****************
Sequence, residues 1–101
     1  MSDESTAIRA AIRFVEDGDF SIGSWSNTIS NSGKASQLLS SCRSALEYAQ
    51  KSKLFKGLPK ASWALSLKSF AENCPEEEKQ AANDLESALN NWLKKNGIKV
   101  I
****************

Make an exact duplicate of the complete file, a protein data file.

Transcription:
Sequence, residues 1–101
     1  MSDESTAIRA AIRFVEDGDF SIGSWSNTIS NSGKASQLLS SCRSALEYAQ
    51  KSKLFKGLPK ASWALSLKSF AENCPEEEKQ AANDLESALN NWLKKNGIKV
   101  I